Ohio State is asking its football players and their parents to sign a two-page document that acknowledges the risks involved with playing the sport amid the novel coronavirus pandemic, the Columbus Dispatch reported Sunday. By signing the document, the players also pledge to follow guidelines established by the Centers for Disease Control and Prevention to help contain the spread of the virus.

“Although the university is following the coronavirus guidelines issued by the CDC and other experts to reduce the spread of infection, I can never be completely shielded from all risk of illness caused by COVID-19 or other infections,” the document reads, referencing the disease caused by the virus. Failure to comply with the rules laid out in the pledge could result in a player being banned from team activities and facilities, though scholarships will not be at risk.

The Buckeyes began returning to campus last week for voluntary workouts, and each player who wanted to use team facilities had to be tested for the coronavirus. The school has declined to release the results of those tests, citing privacy concerns.

Ohio State Athletic Director Gene Smith told ESPN that the “Buckeye Pledge” is not meant to be considered legally binding but rather is being used to educate players about the risks involved.

“That’s why we call it a pledge,” Smith said. “We don’t look at that as a legal document. It’s a Buckeye Pledge. Allow us to help you so that if we face a situation, our trainers, our strength coaches, our coaches or any athletic administrator sees a student-athlete not wearing a mask or not social distancing, we can say: ‘Hey, you made a commitment. You signed a pledge. Your parents signed a pledge. Your parents are a part of this.’ ”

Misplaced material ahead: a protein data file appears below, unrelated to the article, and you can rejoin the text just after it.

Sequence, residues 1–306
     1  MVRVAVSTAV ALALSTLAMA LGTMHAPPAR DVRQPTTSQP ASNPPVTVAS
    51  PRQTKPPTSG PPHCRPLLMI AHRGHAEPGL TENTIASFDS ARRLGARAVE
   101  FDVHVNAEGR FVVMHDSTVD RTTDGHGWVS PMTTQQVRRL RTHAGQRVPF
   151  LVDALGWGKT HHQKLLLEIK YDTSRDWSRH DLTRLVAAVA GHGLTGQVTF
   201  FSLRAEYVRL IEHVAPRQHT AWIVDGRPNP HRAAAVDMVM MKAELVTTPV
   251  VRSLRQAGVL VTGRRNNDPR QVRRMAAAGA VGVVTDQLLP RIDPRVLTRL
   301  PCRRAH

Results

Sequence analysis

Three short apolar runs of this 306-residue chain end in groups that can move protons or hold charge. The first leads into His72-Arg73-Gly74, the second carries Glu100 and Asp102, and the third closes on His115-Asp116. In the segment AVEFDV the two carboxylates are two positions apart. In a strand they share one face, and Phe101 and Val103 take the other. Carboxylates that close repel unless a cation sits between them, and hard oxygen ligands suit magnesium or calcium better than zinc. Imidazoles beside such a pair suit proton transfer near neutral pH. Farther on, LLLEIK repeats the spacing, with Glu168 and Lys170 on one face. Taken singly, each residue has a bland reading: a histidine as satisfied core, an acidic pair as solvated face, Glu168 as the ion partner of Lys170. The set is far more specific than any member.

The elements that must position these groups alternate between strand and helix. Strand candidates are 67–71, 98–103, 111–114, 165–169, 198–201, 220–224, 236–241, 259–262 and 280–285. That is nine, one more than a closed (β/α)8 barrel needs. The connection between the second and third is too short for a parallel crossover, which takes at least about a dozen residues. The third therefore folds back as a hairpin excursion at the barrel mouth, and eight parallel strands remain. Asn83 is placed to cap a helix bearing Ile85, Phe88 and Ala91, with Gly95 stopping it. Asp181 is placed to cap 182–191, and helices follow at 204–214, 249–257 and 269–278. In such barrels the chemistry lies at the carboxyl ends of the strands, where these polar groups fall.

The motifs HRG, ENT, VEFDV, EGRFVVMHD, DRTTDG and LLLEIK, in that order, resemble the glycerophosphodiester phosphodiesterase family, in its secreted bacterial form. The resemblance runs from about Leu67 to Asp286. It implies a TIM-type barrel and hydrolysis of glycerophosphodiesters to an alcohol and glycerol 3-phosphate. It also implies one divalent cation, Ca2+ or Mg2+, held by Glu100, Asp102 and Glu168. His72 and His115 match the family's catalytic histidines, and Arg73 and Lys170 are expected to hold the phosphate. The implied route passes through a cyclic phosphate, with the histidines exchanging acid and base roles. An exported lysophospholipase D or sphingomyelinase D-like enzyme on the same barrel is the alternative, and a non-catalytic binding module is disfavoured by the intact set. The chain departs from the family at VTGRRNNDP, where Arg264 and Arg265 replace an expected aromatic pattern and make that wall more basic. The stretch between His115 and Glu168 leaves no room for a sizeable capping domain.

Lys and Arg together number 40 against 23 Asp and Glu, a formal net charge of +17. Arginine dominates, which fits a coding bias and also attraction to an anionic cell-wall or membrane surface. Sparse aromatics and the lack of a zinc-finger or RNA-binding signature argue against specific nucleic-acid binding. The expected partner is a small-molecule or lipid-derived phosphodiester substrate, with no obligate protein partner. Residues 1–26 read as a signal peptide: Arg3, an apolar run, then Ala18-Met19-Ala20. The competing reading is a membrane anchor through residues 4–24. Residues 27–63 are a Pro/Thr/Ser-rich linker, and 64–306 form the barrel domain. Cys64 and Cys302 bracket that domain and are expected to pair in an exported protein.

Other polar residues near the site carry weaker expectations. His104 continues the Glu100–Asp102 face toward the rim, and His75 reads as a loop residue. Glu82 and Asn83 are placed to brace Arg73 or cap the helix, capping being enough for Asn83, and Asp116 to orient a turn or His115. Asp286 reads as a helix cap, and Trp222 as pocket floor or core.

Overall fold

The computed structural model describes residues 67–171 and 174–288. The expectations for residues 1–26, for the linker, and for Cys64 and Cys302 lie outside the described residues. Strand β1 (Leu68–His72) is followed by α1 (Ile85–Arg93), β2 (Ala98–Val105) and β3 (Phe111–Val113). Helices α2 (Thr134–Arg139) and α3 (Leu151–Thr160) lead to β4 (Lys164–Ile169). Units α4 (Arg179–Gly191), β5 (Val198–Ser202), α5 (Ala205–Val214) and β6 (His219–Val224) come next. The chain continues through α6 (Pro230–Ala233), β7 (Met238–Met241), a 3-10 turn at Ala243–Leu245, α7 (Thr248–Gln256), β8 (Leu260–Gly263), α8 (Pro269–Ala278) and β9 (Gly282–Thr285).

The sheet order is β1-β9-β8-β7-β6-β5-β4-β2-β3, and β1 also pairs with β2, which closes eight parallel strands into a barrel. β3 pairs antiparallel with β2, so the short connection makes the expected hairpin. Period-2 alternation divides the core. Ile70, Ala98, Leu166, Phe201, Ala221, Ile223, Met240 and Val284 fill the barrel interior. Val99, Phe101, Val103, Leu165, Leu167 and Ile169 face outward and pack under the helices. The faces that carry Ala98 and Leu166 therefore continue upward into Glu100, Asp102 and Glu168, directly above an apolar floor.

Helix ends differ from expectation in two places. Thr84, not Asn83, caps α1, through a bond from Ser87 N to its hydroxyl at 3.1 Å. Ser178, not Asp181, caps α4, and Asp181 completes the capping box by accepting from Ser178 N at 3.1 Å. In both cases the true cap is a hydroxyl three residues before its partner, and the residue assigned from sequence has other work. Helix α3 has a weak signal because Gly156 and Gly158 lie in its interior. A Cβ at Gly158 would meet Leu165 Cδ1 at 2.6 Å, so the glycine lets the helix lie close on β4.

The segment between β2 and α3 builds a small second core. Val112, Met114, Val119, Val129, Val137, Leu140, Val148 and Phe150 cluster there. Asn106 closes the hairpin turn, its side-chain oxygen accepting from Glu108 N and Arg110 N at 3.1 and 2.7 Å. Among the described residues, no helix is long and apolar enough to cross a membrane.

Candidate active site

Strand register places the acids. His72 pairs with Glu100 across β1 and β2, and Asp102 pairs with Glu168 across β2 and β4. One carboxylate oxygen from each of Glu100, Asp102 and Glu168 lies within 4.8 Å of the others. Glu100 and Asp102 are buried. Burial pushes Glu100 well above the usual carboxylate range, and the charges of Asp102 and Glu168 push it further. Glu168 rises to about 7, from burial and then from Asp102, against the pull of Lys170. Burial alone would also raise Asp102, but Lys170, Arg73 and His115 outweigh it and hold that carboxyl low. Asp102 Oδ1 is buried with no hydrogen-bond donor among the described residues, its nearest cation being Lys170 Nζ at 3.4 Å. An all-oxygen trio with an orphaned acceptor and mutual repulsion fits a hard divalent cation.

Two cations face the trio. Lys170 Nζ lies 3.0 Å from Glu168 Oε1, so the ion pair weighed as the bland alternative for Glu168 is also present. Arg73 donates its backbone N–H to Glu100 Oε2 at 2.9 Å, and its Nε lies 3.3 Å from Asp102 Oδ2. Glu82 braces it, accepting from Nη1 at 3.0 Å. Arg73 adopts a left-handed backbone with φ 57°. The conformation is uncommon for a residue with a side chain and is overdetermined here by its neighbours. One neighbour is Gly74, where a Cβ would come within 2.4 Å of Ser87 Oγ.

Smith said he got the idea from Indiana Athletic Director Fred Glass. According to the Dispatch, Hoosiers players will be required to sign a similar document before they return to campus next week.

Along with being tested, Ohio State’s players are required to practice social distancing and wear masks when in public, to report if they have been exposed to anyone who has tested positive for the coronavirus, to disclose if they are suffering from symptoms and to remain home if they are sick.

“You’ve got to make a commitment,” Smith said. “If you’re going back to your apartment, with your roommates or by yourself or whatever, or if you choose to go out and have dinner somewhere now that places are reopening, you need to wear a mask. You need to social distance. We’re hammering our kids on that concept. Social distancing is the biggest challenge we’ve been having. They’re kids. They want to be close to one another.”